- Unbiased estimate of reliability
- = correlation between test and true score
- = average correlation between the test and all other randomly parallel tests

- Reliability is theoretically the correlation between a test-score and the true score, squared
- Essentially the proportion of X that is T
- This can’t be measured directly so we use other methods to estimate

- Reliability can be viewed as a measure of consistency or how well as test “holds together”
- Reliability is measured on a scale of 0-1. The greater the number the higher the reliability.

- The approach to estimating reliability depends on
- Estimation of “true” score
- Source of measurement error

- Types of reliability
- Test-retest
- Parallel Forms
- Split-half
- Internal Consistency

- Evaluates the error associated with administering a test at two different times.
- Time Sampling Error
- How-To:
- Give test at Time 1
- Give SAME TEST at Time 2
- Calculate r for the two scores

- • Easy to do; one test does it all.

- Assume 2 administrations X1 and X2
- The correlation between the 2 administrations is the reliability

- Sources of error
- random fluctuations in performance
- uncontrolled testing conditions
- extreme changes in weather
- sudden noises / chronic noise
- other distractions

- internal factors
- illness, fatigue, emotional strain, worry
- recent experiences

- Generally used to evaluate constant traits.
- Intelligence, personality

- Not appropriate for qualities that change rapidly over time.
- Mood, hunger

- Problem: Carryover Effects
- Exposure to the test at time #1 influences scores on the test at time #2

- Only a problem when the effects are random.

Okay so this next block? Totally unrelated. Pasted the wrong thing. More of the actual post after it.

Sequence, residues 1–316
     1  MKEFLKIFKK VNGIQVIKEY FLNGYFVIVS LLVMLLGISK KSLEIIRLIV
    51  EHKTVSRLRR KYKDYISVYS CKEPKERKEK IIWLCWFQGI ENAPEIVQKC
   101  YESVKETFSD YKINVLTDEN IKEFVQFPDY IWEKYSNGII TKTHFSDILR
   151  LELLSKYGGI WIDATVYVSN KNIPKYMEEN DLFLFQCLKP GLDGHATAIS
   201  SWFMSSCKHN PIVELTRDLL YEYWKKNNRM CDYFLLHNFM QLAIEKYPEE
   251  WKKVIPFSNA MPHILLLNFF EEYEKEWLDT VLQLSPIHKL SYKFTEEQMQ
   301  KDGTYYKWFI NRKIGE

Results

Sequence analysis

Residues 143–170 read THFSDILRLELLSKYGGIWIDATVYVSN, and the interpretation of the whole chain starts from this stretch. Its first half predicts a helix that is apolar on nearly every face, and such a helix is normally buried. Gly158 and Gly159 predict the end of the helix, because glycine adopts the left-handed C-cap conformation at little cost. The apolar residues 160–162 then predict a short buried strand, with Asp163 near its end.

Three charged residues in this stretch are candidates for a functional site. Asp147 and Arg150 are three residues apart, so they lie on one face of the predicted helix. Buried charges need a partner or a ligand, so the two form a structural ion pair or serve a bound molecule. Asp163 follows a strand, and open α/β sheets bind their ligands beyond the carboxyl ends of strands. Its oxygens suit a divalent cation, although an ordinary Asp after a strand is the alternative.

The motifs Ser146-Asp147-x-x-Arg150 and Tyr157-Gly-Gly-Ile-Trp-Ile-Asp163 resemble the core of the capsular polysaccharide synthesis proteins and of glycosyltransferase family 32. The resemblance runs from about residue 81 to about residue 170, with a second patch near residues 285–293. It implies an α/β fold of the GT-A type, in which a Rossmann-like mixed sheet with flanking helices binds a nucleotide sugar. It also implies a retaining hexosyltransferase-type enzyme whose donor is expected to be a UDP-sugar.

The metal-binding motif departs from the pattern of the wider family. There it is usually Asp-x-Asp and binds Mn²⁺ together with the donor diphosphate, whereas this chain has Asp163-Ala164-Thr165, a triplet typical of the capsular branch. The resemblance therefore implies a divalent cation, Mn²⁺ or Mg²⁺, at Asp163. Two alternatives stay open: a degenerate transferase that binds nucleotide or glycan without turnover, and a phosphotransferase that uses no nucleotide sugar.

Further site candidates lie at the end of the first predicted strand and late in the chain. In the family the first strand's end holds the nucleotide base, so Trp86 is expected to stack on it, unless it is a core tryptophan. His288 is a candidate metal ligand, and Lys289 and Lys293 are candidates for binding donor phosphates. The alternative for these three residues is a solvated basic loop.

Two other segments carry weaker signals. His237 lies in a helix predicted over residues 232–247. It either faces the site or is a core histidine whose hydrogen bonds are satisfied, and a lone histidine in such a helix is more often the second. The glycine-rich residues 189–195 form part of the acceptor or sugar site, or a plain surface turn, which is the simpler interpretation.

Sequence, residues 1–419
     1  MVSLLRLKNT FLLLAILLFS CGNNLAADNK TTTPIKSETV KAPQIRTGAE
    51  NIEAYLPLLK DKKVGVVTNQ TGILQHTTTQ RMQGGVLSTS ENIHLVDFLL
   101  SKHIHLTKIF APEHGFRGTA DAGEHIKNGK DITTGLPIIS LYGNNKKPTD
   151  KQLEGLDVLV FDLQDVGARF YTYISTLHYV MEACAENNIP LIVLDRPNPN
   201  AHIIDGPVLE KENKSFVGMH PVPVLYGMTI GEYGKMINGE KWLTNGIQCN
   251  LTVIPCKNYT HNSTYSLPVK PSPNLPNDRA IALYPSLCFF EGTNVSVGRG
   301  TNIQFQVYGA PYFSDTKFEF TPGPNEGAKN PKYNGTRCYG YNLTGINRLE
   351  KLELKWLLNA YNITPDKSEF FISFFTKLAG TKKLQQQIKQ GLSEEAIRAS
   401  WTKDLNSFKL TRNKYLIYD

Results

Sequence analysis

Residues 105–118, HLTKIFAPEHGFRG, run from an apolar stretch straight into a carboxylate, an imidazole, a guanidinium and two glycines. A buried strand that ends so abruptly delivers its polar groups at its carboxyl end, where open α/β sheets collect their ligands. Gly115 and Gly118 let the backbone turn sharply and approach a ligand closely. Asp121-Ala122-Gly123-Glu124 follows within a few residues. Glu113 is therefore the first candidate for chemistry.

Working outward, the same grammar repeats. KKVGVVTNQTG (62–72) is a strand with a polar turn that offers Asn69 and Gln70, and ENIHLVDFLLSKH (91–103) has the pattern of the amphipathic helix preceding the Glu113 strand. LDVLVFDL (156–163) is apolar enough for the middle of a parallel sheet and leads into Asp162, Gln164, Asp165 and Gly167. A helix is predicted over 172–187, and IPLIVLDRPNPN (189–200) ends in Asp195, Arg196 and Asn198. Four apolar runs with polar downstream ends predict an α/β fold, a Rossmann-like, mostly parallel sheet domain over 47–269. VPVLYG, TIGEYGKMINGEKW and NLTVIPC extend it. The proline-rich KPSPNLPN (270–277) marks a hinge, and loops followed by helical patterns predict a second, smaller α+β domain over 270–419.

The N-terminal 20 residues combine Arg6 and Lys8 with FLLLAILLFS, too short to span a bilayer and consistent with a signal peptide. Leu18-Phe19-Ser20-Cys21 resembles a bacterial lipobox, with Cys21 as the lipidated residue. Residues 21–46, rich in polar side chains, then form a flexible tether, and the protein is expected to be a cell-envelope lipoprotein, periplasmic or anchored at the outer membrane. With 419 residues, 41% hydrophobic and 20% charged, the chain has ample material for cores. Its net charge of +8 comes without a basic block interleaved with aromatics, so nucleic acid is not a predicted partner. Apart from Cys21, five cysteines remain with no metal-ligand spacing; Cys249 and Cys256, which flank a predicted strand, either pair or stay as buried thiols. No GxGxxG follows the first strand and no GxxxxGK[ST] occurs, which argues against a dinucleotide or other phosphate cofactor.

- If everybody goes up 5pts, you still have the same variability

- Practice effects
- Type of carryover effect
- Some skills improve with practice
- Manual dexterity, ingenuity or creativity

- Practice effects may not benefit everybody in the same way.

- Carryover & Practice effects more of a problem with short inter-test intervals (ITI).
- But, longer ITI’s have other problems
- developmental change, maturation, exposure to historical events

- Evaluates the error associated with selecting a particular set of items.
- Item Sampling Error
- How To:
- Develop a large pool of items (i.e. Domain) of varying difficulty.
- Choose equal distributions of difficult / easy items to produce multiple forms of the same test.
- Give both forms close in time.
- Calculate r for the two administrations.

- Also Known As:
- Alternative Forms or Equivalent Forms

- Can give parallel forms at different points in time; produces error estimates of time and item sampling.
- One of the most rigorous assessments of reliability currently in use.
- Infrequently used in practice – too expensive to develop two tests.

- Assume 2 parallel tests X and X’
- The correlation between the 2 parallel forms is the reliability

- What if we treat halves of one test as parallel forms? (Single test as whole domain)